More Crops Per Drop: No-Till Farming Combats Drought

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This week’s feature comes from Civil Eats and discusses no-till farming. For those who don’t already know, no-till is the practice of planting crops directly into the soil without overturning the earth beforehand. It’s biggest benefits are increased soil organic matter and water storage capacity. As California and other parts of the US continue to deal with drought pressure, this form of soil management could be an important tool during adaptation.

Read on to learn more from Northern California’s Singing Frogs Farm and a number of experts on how this type of soil management can greatly benefit your soil’s productivity. Nothing happens overnight, so if you’re able, the sooner you test these practices, the better!


Written by Olivia Maki on August 26th, 2014.

Paul and Elizabeth Kaiser of Northern California’s Singing Frogs Farm grows fruit and vegetables completely without machinery, a system Paul refers to as “non-mechanized, no-till.” He said goodbye to his tractor and tiller seven years ago after he felt he was unnecessarily harming wildlife, saw too many machines break down, and watched his soil quality decrease. Now, his eight-acre farm has a robust community supported agriculture (CSA) program, and his soil is full of life.

“I wanted greater productivity and healthier soils with less reliance on machinery,” Kaiser says.

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Free Drought-Focused Soil Nutrient Management Series Offered by UC SAREP, FarmsReach, and Sustainable Conservation

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Below is the press release announcing our partnership with UC SAREP and Sustainable Conservation to hold a series of virtual field days on the topic of Soil Nutrient Management in Times of Drought.


Davis, Calif. – November 10, 2014 – From November 2014 until January 2015, the University of California Sustainable Agriculture Research & Education Program (UC SAREP), FarmsReach, and Sustainable Conservation are hosting a free, online drought-focused soil nutrient management series for farmers in California and beyond.

“Farmers and ranchers have to continually adapt their management of soil nutrients to changing conditions,” says Aubrey White, UC SAREP’s Communication Coordinator. “Adaptation during this extreme drought presents a new challenge for growers and researchers alike. A forum dedicated to the issues farmers will face next season is an opportunity to share resources, research, and ideas for success.”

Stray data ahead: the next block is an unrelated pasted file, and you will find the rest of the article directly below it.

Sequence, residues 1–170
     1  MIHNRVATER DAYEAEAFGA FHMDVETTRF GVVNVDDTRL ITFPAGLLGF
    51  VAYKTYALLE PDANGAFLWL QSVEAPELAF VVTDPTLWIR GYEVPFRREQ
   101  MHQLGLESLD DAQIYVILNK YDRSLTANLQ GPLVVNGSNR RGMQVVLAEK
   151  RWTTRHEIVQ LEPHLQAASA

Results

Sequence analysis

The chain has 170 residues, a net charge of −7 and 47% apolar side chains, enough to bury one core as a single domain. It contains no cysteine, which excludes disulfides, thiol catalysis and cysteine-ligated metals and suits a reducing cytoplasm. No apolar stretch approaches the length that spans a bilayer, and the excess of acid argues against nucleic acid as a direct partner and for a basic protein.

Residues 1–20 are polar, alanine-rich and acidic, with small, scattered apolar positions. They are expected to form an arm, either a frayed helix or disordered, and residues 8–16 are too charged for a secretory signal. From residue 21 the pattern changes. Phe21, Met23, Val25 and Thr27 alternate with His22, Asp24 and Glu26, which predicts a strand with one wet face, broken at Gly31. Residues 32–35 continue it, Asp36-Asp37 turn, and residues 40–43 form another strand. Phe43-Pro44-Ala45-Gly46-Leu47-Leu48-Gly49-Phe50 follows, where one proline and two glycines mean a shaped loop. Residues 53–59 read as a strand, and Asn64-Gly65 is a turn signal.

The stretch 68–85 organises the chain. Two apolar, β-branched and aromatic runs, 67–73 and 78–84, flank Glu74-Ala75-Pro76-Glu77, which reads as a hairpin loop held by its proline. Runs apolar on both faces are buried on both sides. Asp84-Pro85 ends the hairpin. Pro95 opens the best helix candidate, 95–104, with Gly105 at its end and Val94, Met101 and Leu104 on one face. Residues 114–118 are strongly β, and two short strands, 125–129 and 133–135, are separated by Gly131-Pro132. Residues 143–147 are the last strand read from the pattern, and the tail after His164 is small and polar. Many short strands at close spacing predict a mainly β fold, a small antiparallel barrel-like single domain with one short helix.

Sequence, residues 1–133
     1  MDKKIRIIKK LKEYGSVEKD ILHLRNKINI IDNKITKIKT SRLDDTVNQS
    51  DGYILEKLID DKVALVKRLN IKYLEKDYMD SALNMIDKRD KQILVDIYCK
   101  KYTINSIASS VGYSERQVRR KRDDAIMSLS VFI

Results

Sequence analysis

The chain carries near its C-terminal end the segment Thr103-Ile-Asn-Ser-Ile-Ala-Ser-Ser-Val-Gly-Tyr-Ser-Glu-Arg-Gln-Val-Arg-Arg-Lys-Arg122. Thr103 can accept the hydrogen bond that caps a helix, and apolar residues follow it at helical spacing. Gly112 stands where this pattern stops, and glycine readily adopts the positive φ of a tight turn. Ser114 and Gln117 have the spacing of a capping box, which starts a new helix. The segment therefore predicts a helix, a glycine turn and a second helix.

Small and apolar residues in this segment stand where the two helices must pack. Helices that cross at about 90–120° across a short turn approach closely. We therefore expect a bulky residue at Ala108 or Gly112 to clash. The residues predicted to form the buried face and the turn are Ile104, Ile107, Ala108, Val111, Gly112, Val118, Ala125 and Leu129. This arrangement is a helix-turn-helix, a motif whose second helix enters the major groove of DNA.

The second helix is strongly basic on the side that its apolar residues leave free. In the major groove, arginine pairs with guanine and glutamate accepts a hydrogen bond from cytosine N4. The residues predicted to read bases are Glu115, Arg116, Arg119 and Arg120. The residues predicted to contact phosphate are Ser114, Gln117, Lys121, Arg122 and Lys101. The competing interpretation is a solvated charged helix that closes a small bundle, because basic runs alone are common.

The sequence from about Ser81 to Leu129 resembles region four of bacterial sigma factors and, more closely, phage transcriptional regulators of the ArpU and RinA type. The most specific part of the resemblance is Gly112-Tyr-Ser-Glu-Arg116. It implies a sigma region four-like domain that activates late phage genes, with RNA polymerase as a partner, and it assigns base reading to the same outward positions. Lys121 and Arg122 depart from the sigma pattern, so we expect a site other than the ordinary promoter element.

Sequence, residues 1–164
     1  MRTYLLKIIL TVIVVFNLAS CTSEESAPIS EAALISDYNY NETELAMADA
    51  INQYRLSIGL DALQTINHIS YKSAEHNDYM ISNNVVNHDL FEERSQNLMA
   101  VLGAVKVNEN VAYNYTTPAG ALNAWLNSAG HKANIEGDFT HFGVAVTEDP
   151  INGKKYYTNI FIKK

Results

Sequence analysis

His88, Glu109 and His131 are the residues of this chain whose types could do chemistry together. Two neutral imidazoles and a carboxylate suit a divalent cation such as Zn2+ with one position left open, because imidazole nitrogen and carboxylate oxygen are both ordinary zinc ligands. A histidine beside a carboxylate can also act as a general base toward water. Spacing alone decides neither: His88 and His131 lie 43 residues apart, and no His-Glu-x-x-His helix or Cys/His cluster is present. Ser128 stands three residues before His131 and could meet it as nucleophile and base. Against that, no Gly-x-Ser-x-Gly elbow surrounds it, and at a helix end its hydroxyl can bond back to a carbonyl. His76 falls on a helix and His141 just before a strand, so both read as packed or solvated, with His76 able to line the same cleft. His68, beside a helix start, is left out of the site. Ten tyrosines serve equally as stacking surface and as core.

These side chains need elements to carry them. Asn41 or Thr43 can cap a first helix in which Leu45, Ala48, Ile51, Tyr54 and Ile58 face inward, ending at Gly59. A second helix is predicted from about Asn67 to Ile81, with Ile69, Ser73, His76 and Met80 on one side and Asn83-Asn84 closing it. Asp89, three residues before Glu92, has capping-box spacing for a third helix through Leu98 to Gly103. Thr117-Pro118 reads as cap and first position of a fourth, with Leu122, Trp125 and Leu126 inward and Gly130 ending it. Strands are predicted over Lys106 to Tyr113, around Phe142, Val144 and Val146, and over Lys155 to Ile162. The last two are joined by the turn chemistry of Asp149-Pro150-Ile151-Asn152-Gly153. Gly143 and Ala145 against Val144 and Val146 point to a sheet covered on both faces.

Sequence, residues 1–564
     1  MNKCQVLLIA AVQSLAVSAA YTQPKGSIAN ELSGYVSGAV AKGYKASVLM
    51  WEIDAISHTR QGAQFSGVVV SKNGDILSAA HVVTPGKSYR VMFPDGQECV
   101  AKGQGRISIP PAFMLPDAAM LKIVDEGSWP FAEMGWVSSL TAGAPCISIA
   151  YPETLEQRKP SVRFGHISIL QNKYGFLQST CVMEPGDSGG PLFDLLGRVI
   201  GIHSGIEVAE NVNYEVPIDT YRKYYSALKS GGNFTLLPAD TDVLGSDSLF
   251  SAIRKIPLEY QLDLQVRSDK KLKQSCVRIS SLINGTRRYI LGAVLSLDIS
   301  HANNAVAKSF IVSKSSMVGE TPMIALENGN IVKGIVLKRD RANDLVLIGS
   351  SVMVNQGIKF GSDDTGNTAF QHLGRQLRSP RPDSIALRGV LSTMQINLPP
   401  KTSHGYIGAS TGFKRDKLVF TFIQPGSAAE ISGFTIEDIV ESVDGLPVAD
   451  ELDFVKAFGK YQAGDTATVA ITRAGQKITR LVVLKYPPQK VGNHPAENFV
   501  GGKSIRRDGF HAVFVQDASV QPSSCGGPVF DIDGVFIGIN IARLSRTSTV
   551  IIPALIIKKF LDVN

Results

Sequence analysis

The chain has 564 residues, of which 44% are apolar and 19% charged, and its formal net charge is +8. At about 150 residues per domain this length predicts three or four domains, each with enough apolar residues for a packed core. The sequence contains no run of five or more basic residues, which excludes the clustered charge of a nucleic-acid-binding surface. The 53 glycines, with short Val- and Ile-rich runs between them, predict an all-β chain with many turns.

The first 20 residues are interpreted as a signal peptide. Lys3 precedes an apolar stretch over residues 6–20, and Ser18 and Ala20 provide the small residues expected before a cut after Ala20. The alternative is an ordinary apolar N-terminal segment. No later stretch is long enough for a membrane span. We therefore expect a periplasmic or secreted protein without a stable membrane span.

Kicking off on November 17th, the Nutrient Management Solutions Series will offer the agriculture community:

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“Symphony of the Soil” – A Closer Look at the Soil Beneath Us

Written by Rebecca Gerendasy, Cooking Up a Story.

It may be fitting that a near two-hour film devoted to the subject of soil would begin from the perspective of outer space looking down upon the Earth.  For as we learn in the beginning of the movie, most of our planet was formed out of lifeless mineral rock through which a thin layer of soil first emerges.  Life springs forth, thus.

Deborah Koons Garcia

Deborah Koons Garcia

Deborah Koons Garcia’s exceptional new film, Symphony of the Soil, pays loving homage to the beauty and the wondrous mystery of soil, celebrating not just the incredible soil diversity filmed on four of the world’s continents, it also rejoices in the knowledge of leading scientists and farmers whose careers have been devoted to better understanding this profoundly essential living medium.

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Introducing our Water & Irrigation Toolkit

water canalsIn California, where drought has been a regular occurrence since the 1860′s, most residents are concerned about the water situation. And, because farmers and ranchers are wholly dependent on fresh, clean water, issues about water scarcity, accessibility, cost, and quality are often at the forefront of their minds.

Interestingly, many farmers are incredibly knowledgeable when it comes to soil fertility management, tracking precise nutrient ratios to yield the best harvests; however, far fewer are such granular experts when it comes to managing soil moisture.

With the volatile climate and ongoing drought, it’s imperative and simply smart business to ensure farm operations are managing their water use as efficiently as possible. Using appropriate equipment and technology, monitoring and managing soil to retain moisture, and selecting plants that thrive in our unique climate are a few of the ways this can be accomplished.

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